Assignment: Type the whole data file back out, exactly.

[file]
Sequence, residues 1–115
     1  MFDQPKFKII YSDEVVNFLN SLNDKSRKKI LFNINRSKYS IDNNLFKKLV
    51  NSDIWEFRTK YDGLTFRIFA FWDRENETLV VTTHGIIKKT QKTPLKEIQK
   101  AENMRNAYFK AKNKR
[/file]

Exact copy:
Sequence, residues 1–115
     1  MFDQPKFKII YSDEVVNFLN SLNDKSRKKI LFNINRSKYS IDNNLFKKLV
    51  NSDIWEFRTK YDGLTFRIFA FWDRENETLV VTTHGIIKKT QKTPLKEIQK
   101  AENMRNAYFK AKNKR